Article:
Corio Oval was an Australian rules football ground, located in Geelong, Victoria and used by the Geelong Football Club in the VFL from 1897 to 1941. Sited in Eastern Park, the oval was served by trams from 1930 when the line was extended along Ryrie Street to the football ground.
Corio Oval had been in use as a cricket oval since 1862. In that year a Geelong and District 22 team played an all England 11 team. In 1878 it became the home ground of the Geelong Football Club during its time in the VFA. At the end of the 1940 season, the club was forced to relocate from Corio Oval. In 1941 the venue became the first major VFL ground to be used by the Army as a Military Training Camp during World War II. Kardinia Park was decided upon as a temporary location, with the start of the 1941 season seeing the ticket boxes and turnstiles relocated to the new venue. Due to the problems of travelling during the war years, the club went into recess during 1942 and 1943, and at the start of the 1944 season there was much debate over whether to return to Corio Oval. The supporters of Kardinia Park won out.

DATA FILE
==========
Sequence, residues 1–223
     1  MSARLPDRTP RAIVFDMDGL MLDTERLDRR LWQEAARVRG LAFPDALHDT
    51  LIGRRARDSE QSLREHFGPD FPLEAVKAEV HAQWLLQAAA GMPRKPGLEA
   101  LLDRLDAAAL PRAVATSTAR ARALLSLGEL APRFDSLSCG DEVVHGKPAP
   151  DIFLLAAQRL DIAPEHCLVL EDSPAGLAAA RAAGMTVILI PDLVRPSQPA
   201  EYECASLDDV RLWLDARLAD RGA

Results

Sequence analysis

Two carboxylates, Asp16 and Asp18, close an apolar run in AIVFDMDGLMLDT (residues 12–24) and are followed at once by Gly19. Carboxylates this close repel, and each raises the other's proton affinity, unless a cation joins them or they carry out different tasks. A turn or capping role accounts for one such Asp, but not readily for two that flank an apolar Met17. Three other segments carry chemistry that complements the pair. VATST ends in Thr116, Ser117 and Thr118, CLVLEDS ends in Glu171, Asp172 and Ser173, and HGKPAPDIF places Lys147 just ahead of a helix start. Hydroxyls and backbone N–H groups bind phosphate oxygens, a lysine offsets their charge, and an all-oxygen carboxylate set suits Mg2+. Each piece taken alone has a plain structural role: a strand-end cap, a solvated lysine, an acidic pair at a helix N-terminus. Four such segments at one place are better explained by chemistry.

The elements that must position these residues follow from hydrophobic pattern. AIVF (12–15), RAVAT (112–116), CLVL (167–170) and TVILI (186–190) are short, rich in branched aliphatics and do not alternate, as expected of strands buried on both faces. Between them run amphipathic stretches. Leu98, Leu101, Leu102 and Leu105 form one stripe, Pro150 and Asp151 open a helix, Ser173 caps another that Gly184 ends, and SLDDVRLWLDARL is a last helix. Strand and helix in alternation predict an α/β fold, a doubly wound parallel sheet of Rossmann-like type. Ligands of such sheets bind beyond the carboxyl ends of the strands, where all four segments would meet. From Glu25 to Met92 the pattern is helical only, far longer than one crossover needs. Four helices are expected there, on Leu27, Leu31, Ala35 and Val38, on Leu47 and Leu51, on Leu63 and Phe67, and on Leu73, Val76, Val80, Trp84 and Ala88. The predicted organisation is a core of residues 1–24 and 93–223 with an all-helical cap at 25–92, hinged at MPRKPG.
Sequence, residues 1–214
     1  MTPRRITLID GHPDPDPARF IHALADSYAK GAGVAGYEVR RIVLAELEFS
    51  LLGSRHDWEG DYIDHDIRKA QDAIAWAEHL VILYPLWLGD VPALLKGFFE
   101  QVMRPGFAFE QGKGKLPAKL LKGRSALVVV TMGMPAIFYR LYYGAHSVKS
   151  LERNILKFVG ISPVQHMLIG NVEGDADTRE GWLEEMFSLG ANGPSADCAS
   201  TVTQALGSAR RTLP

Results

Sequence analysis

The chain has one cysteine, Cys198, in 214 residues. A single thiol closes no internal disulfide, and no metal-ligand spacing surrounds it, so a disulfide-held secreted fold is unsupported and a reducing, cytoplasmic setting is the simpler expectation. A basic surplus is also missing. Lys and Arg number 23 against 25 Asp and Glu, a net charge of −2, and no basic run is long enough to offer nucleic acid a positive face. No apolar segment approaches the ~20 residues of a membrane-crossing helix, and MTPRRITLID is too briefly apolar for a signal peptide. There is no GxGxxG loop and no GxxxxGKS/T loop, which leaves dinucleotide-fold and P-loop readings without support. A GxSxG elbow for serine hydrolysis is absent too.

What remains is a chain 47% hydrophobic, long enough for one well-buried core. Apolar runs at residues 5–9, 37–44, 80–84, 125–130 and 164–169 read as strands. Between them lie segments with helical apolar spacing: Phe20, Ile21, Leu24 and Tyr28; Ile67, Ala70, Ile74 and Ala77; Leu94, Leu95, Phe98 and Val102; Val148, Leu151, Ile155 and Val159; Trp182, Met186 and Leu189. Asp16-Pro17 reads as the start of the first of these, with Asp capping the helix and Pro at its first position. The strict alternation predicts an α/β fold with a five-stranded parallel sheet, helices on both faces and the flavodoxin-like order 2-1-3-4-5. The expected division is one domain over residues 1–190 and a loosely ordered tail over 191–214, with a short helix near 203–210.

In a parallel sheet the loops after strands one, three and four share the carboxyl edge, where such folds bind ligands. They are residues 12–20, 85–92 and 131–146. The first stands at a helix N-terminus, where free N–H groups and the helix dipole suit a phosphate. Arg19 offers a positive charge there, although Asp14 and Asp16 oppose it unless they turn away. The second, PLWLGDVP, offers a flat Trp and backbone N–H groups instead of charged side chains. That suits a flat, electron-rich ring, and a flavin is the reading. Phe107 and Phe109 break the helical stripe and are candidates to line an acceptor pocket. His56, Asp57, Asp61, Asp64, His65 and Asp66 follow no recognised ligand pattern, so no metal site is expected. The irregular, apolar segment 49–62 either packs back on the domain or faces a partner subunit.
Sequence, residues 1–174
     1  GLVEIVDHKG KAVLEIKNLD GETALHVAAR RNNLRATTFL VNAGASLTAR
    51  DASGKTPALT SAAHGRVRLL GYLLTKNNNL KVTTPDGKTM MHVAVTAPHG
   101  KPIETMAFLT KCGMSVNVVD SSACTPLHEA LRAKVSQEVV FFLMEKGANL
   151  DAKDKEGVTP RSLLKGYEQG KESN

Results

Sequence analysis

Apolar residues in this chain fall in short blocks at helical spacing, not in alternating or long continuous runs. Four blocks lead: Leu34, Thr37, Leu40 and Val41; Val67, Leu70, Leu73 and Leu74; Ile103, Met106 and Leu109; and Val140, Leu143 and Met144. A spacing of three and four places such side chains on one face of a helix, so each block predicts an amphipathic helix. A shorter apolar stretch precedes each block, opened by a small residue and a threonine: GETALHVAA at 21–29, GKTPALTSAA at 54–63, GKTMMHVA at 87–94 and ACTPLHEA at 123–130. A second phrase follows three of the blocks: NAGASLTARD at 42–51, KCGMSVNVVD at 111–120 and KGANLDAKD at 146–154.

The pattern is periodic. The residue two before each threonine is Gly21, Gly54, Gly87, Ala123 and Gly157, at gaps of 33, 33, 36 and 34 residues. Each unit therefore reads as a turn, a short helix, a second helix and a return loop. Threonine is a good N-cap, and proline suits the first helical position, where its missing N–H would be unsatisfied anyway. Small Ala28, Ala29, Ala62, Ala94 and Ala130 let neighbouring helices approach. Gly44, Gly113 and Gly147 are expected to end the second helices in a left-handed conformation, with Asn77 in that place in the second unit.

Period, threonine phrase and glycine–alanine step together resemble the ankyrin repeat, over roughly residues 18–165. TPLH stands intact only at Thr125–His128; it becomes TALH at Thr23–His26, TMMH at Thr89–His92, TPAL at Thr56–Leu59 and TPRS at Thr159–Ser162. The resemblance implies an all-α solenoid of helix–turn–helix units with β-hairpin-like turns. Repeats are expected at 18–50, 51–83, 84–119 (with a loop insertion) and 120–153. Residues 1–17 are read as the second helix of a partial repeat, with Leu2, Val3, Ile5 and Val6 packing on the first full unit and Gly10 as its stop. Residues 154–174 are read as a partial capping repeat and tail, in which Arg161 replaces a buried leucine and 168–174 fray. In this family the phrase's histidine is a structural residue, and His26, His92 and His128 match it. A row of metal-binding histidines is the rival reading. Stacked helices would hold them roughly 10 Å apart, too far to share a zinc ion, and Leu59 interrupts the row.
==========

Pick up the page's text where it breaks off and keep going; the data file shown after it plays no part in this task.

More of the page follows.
After the departure of the military, Corio Oval lay unused until 1956 when the Geelong Trotting Club held its inaugural meeting there. In the same year, the Geelong Greyhound Racing Club began to use a new track constructed inside the trotting circuit, employing a mechanical "tin hare" as the lure.
In the 1970s, plans were announced for the new Australian Animal Health Laboratory to be built near Eastern Park. Because the new facility was designed to deal with highly infectious diseases, large congregations of animals could not be permitted in the vicinity and the greyhound and trotting clubs were told they would have to vacate Corio Oval. Both moved to a newly constructed complex at Beckley Park, adjacent to the Princes Highway in Corio.
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- "Corio Oval, Geelong". Boyles Football Photos. Retrieved 16 November 2013.
- "About Us". The Beckley Centre. Retrieved 2012-09-23.
- "Geelong Conference Centre". The Salvation Army. Retrieved 2012-09-23.
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- Peter Begg (1990). Geelong - The First 150 Years. Globe Press. ISBN 0-9592863-5-7
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